The garlic is growing full tilt and I am thrilled to see over 100 healthy shoots reaching skyward. Since garlic can be somewhat pricey to purchase from seed suppliers, most of my crop is compliments of Costco, where less then $10 will buy you three pounds of Christopher Ranch soft neck bulbs. I usually then supplement this with heirloom hard neck varieties. This past fall a friend gifted me several different types of bulbs, secreted from their spouse’s private stash. The varieties remain a mystery though we shall know by May if they are hard or soft neck.
Spinach, direct seeded a few weeks ago, is now emerging and includies a smooth leaf hybrid from Johnny’s called Lombardia and a savoy leaf from Burpee called Bloomsdale Long-Standing. The first of the lettuces, direct seeded last weekend, are just beginning to appear. Given the forecast for continued mild weather I suspect that this coming week will see most, if not all, of the lettuces emerge. Also direct seeded last weekend were three varieties of carrots — Navarino (Johnny’s), Scarlet Nantes (Seeds of Change), and Nantes Half Long (Burpee) — and three varieties of bunching onions — Evergreen Long White (Burpee), Deep Purple (Johnny’s), and Cebolla (Lowes).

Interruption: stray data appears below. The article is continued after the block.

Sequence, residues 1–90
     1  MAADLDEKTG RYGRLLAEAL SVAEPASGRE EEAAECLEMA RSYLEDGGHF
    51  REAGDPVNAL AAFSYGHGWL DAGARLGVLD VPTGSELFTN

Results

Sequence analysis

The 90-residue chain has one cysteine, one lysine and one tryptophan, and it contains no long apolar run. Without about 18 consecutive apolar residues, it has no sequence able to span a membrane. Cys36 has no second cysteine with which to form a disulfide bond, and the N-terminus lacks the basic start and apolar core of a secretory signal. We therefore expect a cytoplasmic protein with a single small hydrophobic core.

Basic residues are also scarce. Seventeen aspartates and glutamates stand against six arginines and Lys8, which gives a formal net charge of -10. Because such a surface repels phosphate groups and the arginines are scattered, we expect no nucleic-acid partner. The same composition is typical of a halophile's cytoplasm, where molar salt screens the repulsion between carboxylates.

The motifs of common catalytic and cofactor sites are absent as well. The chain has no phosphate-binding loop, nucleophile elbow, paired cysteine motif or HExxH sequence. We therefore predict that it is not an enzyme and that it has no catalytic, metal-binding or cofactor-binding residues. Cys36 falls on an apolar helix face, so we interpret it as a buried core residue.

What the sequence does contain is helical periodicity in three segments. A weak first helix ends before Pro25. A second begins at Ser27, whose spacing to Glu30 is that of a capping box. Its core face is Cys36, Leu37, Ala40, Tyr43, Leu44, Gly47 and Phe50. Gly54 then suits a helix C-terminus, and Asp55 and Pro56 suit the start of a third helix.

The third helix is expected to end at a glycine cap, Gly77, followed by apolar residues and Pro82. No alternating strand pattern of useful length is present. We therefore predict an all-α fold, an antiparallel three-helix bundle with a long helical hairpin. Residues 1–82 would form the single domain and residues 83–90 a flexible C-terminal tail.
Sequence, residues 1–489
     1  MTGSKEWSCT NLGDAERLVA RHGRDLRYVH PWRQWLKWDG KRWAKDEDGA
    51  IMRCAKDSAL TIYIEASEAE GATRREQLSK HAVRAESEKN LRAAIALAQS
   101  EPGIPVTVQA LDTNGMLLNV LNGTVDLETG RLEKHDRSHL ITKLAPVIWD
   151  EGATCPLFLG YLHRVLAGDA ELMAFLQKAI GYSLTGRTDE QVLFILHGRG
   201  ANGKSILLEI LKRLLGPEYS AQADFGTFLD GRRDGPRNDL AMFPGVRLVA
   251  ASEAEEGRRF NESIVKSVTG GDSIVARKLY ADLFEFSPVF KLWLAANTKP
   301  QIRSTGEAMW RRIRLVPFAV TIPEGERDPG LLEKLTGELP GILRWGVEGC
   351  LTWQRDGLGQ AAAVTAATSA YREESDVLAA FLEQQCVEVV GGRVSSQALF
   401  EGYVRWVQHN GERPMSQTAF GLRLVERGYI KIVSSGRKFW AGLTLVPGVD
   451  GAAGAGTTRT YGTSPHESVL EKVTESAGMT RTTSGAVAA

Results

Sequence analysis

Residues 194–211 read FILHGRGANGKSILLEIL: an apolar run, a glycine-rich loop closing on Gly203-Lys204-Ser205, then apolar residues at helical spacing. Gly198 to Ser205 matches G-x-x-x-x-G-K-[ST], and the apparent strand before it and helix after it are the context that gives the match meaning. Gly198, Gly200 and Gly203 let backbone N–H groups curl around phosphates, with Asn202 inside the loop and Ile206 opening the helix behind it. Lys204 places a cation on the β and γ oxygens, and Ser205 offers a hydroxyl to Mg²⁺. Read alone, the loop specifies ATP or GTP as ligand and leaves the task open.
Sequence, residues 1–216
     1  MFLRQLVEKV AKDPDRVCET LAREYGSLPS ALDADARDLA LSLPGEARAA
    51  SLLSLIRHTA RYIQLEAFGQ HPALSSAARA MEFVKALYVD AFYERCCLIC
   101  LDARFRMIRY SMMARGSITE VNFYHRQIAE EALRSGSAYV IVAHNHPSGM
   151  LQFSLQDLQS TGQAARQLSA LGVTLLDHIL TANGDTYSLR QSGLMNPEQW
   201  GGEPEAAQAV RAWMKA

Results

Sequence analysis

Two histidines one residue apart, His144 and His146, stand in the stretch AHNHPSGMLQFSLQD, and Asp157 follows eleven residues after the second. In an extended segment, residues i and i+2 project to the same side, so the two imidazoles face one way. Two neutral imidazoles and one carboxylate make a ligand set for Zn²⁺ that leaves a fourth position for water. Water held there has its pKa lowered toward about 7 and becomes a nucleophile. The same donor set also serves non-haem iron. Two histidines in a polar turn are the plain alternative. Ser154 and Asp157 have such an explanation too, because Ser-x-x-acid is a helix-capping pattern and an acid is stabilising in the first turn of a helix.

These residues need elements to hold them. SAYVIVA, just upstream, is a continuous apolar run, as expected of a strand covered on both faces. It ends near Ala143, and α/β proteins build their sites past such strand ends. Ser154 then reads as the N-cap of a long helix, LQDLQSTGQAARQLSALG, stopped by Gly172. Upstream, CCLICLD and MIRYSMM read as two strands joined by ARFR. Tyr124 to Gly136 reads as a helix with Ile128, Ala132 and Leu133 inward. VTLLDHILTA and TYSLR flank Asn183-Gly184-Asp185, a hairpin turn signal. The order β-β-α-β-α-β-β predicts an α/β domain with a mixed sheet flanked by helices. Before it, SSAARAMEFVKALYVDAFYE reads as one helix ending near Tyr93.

The peas, planted at the end of February, have how pushed up through the soil. Varieties include Snow Sweet (snow pea), Sugar Sprint (snap pea) and Premium (shelling pea), all from Johnny’s. I will begin planting succession crops every two weeks for the next month. In June the pea beds will be given over to cucumbers, melons and bush beans.